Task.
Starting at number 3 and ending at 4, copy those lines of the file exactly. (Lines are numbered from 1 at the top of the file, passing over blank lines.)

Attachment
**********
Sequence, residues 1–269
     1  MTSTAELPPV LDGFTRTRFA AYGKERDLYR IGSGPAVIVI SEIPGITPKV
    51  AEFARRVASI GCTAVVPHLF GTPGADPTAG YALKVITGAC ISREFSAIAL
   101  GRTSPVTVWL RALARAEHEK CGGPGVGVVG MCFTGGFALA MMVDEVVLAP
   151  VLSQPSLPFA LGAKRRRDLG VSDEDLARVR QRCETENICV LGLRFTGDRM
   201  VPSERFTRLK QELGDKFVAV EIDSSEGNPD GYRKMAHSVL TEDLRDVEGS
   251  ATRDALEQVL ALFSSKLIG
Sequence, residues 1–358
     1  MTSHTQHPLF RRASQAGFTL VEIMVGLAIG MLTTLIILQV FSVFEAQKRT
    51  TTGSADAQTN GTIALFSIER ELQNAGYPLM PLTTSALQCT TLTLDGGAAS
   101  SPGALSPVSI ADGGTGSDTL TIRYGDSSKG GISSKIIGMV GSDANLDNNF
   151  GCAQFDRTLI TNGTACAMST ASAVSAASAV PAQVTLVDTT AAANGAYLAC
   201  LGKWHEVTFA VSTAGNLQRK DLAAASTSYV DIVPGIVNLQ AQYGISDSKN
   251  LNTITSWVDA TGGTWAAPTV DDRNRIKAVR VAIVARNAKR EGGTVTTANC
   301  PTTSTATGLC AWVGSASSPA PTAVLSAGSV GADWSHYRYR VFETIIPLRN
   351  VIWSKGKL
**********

    51  AEFARRVASI GCTAVVPHLF GTPGADPTAG YALKVITGAC ISREFSAIAL
   101  GRTSPVTVWL RALARAEHEK CGGPGVGVVG MCFTGGFALA MMVDEVVLAP